al-Bukhari narrated it from the hadith of Abu Hurayrah and Muslim from the hadith of ‘Aisha that the Prophet, Allah bless him and give him peace, said: “There were recipients of Divine inspiration among the nations before you. If it happens that there is such an individual among my nation, it must be ‘Umar.”       

This is part four of a translation of al-Habib Umar bin Hafiz’s abridgment of Ihya Ulum al-Din by Imam al-Ghazali entitled Acquisition of the Clear Light, not only provides the reader with a concise understanding of the Ihya but also serves as clear guideline to the main themes and focal points within the actual book.

Translator: Abdullah Salih, converted to Islam in 2003 and thereafter, embarked on a journey of seeking knowledge in the Valleys of Hadramouth in the beautiful city of Tarim. He was fortunate enough to sit in the company of Habib Umar, where he studied under him various sciences such as, but not limited to, some of the original works of Ihya as well that of the abridgment. He now resides in Namibia with his family and is engaged in Dawah activities locally as well as internationally.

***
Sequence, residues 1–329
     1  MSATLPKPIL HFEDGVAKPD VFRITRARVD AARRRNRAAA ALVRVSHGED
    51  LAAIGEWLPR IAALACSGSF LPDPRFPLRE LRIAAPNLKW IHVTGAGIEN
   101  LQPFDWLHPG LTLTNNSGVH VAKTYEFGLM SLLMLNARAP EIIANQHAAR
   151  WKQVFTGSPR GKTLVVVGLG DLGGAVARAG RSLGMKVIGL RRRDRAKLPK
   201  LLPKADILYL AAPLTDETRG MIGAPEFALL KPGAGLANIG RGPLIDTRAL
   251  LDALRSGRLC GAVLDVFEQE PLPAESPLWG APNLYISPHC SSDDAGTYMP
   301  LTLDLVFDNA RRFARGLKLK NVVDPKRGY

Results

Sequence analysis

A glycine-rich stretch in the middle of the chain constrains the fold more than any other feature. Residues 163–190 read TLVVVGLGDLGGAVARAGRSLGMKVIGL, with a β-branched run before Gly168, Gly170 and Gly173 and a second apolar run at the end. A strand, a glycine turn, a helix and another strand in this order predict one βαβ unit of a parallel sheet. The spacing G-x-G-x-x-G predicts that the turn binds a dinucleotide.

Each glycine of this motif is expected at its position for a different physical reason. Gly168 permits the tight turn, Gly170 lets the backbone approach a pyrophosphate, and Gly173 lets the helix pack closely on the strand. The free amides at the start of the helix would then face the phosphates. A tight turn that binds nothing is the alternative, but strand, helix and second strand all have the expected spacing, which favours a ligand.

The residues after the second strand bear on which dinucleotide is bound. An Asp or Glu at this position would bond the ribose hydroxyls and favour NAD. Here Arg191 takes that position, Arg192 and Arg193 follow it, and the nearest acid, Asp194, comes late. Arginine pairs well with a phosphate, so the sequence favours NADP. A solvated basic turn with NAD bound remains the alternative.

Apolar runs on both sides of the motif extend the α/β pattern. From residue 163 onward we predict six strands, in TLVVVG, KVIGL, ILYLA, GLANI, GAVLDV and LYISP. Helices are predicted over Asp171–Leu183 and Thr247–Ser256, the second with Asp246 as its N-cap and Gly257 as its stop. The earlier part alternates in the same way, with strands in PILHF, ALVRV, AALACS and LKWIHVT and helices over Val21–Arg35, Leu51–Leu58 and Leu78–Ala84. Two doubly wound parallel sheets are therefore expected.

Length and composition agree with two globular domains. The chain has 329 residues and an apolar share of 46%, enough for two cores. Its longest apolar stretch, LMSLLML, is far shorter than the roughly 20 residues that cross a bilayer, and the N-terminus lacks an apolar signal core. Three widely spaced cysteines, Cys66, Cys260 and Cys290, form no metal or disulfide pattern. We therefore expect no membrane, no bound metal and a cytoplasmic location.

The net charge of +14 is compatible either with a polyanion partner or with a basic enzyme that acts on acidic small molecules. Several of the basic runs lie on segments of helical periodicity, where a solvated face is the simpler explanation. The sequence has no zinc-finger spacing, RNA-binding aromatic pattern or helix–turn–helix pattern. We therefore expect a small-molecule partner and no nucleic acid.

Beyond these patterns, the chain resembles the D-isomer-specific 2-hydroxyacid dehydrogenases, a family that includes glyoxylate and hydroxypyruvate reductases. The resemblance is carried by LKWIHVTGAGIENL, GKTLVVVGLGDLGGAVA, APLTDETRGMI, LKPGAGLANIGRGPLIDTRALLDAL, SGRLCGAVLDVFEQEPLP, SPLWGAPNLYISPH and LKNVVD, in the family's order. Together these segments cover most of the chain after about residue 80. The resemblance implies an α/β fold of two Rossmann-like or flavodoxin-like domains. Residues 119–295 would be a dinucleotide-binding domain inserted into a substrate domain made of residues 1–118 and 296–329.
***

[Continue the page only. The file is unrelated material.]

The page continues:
Acquisition of the Clear Light: Part 3

This is the third part of a series of translations of Habib Umar’s work, Qabs al-Nur al-Mubin, an abridgment of Imam al-Ghazali’s Ihya Ulum al-Din.clear light

This part explores why a person may not actualise the spiritual sciences that he is learning.

Specific similitude of the heart in relation to sciences:

The mirror may not reflect the image for five reasons:

First: Deficiency within its design, such as the nature of iron before it’s shaped and polished.

Second: Dirt, corrosion and grime.

Third: Being turned away from the angle of the picture towards something else.

Fourth: A veil placed between the mirror and the picture.

Fifth: No knowledge of the direction of the intended picture.

Likewise, the heart is a mirror, wherein the true reality of matters becomes manifest, but can became void of sciences due to these five reasons: